It depends on what type of breast cancer, how aggressive, what grade, if there are any positive lymph nodes, etc. There are many things that factor into making a decision like this. This also may be done in conjunction with radiation therapy, and possibly hormone therapy too. There is no way...

      more

      It depends on what type of breast cancer, how aggressive, what grade, if there are any positive lymph nodes, etc. There are many things that factor into making a decision like this. This also may be done in conjunction with radiation therapy, and possibly hormone therapy too. There is no way to accurately guess this until a lot of cellular tests come back. Take care, Sharon

      Comment
    • Tiffani Warila Profile
      anonymous
      Learning About Breast Cancer

      I agree with Sharon. I was stage 2, the order of my treatment was 4 A/C followed by 4 taxol treatments, then a lumpectomy, and 34 radiation treatments. Because I was hormone positive I am currently taking tamoxifen. It depends though, If you are her2 positive you would need herceptin for a...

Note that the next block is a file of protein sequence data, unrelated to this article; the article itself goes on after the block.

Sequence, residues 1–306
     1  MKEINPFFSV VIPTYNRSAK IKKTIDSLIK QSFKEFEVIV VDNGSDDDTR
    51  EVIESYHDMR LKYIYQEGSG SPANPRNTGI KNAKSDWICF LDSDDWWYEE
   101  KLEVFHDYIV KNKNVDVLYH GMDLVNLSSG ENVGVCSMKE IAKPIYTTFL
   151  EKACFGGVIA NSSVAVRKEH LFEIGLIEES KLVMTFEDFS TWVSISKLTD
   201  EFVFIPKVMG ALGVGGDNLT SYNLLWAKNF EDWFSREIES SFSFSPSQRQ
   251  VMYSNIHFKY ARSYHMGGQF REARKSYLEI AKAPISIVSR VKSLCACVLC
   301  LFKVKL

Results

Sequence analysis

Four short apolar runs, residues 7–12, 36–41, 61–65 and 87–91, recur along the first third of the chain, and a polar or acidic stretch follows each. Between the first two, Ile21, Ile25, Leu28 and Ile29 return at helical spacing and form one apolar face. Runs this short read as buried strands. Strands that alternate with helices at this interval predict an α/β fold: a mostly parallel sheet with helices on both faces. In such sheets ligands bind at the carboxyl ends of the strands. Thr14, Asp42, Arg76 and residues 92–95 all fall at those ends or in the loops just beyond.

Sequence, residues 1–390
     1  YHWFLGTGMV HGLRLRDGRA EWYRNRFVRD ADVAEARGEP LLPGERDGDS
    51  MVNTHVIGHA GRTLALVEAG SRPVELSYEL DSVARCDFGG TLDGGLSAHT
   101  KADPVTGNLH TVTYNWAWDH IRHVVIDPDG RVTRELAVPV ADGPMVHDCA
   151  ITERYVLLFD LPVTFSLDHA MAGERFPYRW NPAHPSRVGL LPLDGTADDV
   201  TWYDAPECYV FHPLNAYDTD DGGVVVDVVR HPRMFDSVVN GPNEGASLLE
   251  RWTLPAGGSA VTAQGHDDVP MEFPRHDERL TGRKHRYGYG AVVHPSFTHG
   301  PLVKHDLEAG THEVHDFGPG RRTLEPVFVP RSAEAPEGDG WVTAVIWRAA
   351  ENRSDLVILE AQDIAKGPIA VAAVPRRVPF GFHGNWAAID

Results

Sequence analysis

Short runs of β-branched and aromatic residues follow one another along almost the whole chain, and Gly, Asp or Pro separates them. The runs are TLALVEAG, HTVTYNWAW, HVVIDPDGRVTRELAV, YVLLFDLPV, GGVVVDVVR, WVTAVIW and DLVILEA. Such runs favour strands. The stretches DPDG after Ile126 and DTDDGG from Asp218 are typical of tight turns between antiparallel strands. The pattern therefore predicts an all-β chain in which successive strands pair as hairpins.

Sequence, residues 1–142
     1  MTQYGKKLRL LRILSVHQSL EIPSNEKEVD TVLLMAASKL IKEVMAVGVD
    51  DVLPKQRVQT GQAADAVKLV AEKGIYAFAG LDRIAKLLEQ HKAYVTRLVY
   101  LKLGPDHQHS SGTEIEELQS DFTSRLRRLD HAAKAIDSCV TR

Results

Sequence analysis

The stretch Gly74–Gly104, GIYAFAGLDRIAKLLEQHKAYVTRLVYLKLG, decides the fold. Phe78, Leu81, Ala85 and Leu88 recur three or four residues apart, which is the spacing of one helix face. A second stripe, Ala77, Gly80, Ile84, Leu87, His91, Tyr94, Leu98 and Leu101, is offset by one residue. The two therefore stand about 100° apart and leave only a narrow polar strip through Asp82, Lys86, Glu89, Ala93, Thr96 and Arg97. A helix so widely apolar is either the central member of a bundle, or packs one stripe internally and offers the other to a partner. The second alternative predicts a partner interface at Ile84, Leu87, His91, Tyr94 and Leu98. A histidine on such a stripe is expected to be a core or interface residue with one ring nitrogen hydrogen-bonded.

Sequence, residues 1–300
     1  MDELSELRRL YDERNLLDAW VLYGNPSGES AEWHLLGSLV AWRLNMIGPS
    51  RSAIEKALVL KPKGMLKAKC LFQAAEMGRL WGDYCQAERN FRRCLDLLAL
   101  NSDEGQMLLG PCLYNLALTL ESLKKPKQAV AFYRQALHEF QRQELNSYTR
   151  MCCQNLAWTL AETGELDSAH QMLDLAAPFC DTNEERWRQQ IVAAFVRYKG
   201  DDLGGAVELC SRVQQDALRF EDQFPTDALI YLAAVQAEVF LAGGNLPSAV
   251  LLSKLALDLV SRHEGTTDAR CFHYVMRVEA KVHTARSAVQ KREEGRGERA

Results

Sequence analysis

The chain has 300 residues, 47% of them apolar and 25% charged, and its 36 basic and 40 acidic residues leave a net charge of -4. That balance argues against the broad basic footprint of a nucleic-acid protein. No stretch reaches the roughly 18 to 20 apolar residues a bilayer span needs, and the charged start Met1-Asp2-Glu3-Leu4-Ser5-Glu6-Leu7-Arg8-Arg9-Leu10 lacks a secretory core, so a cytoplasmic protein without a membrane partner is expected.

more

      I agree with Sharon. I was stage 2, the order of my treatment was 4 A/C followed by 4 taxol treatments, then a lumpectomy, and 34 radiation treatments. Because I was hormone positive I am currently taking tamoxifen. It depends though, If you are her2 positive you would need herceptin for a year, and your doc might recommend a mastectomy instead of a lumpectomy. There are many factors. Feel free to ask any other questions, I will gladly answer if I can!